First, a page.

Please Consider Blind People When Placing Holiday Decorations
I am blind and use a cane to navigate my world. My apartment building’s lobby has lots of doors to run in and out of, lots of echoing tile to get to those doors and plenty of angles and corners for sound to bounce around. And there’s a radio station softly playing pop music, perhaps from the ceiling. There are a million surprises and distractions.
Two years ago, the manager decided on poinsettias for Christmas decorations. One was placed on the floor against the wall right at the corner that leads to the mailboxes. I came tapping along, shore-lining that wall and almost knocked over this “thing.” I knelt down and found the plant. And yes, it was a real poinsettia.
I couldn’t believe anyone would put a plant right in the walkway to the mailboxes. I was sure someone would move it. I was sure someone using a walker or mobility cane would complain.
In fact, the renting agent said the plant was exactly where they wanted it. So I moved it away from the corner. It got moved back. The security guard moved it and explained its potential danger. It got moved back.
I began referring to getting the mail as “going down to knock over a plant.” I came very close often. I did knock it over, perhaps twice. I am the only totally blind person in the building.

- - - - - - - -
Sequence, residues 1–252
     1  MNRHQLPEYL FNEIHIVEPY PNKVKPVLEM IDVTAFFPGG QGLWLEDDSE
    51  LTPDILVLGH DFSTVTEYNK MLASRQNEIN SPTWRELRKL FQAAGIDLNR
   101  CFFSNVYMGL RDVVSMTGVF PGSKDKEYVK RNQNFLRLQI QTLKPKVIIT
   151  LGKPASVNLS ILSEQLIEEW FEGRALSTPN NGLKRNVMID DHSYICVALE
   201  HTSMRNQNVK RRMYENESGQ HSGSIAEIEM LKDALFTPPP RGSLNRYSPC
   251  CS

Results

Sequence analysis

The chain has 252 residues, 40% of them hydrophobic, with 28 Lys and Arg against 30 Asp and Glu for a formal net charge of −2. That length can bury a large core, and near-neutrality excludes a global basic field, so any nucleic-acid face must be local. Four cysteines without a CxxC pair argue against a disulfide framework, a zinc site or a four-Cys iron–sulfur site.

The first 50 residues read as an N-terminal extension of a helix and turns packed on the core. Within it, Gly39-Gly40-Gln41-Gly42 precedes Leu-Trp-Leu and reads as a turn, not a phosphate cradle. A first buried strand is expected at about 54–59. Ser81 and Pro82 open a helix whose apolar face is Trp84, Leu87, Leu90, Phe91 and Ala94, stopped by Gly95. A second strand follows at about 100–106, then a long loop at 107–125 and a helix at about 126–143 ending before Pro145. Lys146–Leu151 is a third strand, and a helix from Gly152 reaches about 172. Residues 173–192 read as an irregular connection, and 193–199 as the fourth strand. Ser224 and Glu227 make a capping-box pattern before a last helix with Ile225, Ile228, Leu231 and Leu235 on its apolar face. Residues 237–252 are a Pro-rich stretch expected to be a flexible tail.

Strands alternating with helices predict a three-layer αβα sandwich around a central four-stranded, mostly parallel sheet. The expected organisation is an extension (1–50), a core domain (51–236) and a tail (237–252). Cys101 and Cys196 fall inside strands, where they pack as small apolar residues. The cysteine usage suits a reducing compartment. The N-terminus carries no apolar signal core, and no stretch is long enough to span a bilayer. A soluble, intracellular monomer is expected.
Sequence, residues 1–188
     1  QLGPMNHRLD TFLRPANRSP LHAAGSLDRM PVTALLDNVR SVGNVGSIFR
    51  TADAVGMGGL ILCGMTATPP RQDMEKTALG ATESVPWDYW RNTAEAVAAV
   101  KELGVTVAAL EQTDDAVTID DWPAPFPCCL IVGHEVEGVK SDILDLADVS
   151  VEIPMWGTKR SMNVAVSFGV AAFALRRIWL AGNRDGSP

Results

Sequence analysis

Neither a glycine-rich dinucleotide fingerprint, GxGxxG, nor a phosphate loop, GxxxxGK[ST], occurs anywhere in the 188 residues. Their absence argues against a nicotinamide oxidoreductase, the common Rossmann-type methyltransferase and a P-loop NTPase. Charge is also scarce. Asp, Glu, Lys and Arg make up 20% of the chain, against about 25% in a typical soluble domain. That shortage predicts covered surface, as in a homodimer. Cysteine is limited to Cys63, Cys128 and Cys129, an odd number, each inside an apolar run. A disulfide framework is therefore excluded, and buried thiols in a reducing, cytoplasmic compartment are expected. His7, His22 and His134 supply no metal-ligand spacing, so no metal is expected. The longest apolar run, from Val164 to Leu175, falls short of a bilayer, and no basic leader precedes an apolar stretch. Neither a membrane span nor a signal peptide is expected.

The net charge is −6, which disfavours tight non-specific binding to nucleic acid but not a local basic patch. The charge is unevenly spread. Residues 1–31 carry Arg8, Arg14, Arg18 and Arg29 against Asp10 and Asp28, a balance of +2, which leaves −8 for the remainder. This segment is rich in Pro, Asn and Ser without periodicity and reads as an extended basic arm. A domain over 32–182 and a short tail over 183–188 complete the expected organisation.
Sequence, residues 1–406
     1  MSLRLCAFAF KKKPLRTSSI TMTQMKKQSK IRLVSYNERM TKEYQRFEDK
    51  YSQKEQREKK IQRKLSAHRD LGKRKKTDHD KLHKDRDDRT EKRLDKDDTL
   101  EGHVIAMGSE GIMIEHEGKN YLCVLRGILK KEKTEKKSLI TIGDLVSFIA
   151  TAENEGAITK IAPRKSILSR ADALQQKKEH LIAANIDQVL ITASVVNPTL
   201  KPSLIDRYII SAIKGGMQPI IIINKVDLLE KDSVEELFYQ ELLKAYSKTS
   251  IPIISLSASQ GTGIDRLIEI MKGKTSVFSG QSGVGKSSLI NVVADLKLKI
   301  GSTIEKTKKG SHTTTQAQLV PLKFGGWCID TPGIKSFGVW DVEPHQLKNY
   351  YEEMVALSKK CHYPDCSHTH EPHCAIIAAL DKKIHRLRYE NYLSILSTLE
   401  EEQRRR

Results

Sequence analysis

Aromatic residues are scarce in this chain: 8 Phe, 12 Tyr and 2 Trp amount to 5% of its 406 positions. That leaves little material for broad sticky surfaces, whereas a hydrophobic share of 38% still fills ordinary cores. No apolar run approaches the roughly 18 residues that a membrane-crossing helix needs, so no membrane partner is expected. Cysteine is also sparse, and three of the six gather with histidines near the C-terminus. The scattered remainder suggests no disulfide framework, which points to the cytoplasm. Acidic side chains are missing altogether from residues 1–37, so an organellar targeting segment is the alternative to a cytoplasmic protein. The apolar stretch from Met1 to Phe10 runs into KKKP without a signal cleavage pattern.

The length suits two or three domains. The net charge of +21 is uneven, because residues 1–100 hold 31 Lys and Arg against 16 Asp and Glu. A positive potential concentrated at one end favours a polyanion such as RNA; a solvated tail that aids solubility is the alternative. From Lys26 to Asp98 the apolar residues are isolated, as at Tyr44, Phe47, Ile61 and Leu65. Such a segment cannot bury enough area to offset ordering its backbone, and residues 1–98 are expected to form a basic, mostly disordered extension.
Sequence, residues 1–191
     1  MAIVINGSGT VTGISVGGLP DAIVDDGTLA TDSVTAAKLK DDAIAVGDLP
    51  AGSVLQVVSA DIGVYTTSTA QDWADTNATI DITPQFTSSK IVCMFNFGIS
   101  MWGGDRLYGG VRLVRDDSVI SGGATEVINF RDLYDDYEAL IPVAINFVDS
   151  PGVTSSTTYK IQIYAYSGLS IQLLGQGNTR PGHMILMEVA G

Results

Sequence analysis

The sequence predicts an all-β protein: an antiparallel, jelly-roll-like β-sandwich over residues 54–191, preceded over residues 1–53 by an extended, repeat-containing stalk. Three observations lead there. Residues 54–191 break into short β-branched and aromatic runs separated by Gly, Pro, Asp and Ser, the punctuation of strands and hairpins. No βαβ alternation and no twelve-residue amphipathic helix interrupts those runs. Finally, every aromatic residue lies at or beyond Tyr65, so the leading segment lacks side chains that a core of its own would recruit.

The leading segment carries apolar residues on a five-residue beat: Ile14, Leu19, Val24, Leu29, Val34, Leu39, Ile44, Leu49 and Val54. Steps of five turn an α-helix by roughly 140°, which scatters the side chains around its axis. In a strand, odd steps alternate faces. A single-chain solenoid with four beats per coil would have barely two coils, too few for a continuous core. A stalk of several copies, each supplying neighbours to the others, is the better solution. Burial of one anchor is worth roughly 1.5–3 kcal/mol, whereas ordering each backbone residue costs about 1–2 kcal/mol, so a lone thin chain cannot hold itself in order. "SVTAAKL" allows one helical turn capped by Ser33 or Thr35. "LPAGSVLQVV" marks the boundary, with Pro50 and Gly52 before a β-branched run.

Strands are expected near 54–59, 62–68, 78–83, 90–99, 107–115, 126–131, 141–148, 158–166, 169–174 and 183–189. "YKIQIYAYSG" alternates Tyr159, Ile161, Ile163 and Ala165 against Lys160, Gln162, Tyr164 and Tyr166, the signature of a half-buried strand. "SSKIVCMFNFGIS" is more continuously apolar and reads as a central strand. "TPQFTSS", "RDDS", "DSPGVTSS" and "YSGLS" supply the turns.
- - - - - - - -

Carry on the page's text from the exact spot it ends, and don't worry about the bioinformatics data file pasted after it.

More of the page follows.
Finally, after a distraction by the weather forecast playing on the radio station, I picked up the poor plant and went to the building manager. I finally convinced him to move it.
About two weeks before Christmas, it was put in a window alcove. I heard it looked much better there.
The management changed last year. In November, the first poinsettia appeared in that exact corner. This time, the manager saw me find it with the cane and decided, without my prodding, to move it. I thanked him.
But two weeks later, the cane hit another not-wall sound. Another poinsettia, taller and, I thought, artificial (a small step toward reason).
I always use the same path to get mail. Everyone hears and sees me coming. (And you know they watch.) I had no idea why the poinsettia looked good there. I would remember it perhaps 80 percent of the time, but that’s not the statistic that counts.
This was the third poinsettia. I thought about writing this piece the first time the real one showed up. I convinced myself not to write it the second time. But a third time?
One December morning, I talked to the housekeeper who was cleaning the back door window while I waited for a ride. I asked if the poinsettias were real. She assured me they were not. I told her about my predicament. She laughed.
“I know a place where it would look much better. I’ll take care of it.” And it disappeared. Permanently this time.
I’ll have to ask Miriam where the perfect poinsettia placement was, just in case I need to remind someone this year. Are we taking bets?
Getty image by Serezniy.